So I support the CAP. However, I believe it is overly broad and should focus more on driving the biggest bang for the buck, which means focusing on building structures and transportation since they represent 97% of the plan's impact. Concerning building structures, the city can provide retrofit incentives to encourage homeowners to make their property solar and EV ready. In talking with residents I found that they would be more responsive to the incentive approach where the cost of making their property ready can offset city permitting expenses for instance.

In transportation, we need to pursue the concept of the park once and then ride transit with all due haste. This takes tourist cars off the road relieving congestion for residents while reducing vehicle emissions. A real win-win.

Any kind of effort like the CAP requires metrics to assess progress. The city sustainability staff will soon be presenting a revised emissions baseline measure along with 2020 and 2021 figures. But I think to make this real and really ensure program success we have to engage residents at a neighborhood level. We need passionate volunteers that are interested in talking with their neighbors about practical actions they can take in their homes to reduce energy usage. Combined with measures of progress this could turn into a gamified program and be a source of community competition and pride.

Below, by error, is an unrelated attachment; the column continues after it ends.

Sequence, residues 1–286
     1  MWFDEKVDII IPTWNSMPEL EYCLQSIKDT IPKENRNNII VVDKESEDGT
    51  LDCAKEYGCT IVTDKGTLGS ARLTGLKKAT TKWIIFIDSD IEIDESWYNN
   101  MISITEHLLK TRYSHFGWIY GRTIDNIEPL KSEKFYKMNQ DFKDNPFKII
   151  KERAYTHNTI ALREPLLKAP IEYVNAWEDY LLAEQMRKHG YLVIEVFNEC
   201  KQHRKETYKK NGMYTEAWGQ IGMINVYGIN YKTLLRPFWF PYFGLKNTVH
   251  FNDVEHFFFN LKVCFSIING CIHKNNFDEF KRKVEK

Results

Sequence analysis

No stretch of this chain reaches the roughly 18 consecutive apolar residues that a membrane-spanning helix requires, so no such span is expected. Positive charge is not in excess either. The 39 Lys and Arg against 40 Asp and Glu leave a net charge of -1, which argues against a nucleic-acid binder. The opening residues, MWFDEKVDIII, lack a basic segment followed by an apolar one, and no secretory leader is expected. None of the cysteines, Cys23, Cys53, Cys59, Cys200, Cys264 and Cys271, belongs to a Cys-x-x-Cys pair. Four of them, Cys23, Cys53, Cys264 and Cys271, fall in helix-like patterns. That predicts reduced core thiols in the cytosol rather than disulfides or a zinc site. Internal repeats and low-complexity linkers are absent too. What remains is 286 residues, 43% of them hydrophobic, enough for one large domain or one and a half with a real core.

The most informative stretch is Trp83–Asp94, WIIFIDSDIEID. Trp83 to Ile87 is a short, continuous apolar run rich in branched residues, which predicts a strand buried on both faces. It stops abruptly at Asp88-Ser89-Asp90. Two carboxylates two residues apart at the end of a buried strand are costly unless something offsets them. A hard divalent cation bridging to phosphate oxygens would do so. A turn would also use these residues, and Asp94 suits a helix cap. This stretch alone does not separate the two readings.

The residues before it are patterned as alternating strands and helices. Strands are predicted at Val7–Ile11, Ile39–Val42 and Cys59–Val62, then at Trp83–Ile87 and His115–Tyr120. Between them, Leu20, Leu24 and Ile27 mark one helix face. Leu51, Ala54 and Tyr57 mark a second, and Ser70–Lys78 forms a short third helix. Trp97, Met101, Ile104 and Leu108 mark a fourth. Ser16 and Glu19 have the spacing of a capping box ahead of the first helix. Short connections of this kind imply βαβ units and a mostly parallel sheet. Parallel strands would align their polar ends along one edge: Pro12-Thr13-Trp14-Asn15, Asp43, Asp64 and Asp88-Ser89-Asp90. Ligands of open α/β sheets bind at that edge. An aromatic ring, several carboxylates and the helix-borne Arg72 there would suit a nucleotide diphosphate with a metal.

As a candidate, if you have no relevant leadership or work qualifications and you have no track record of service to our community, you attack those who do. If you don't understand the basic science of climate change you claim it is made up by a global conspiracy and you call it fake news or the hokey pokey. If you speak nothing but complaints while others have well-thought-out actionable ideas about how to create positive change, you resort to partisan-style political attacks. You have a choice between candidates that are one type or the other that I've just described.

I'm all in for Sedona. I've been doing the work to learn how the city operates, and to serve on one of its most important working groups. I've been generating and actually working on real ideas to effect positive change for the community right now. I have the experience to lead and work with diverse groups while fostering a collaborative and positive culture. You can't criticize and complain your way to making Sedona better. I'm Brian Fultz, I would be grateful for your vote, and you can count on me to be a positive agent of change for Sedona.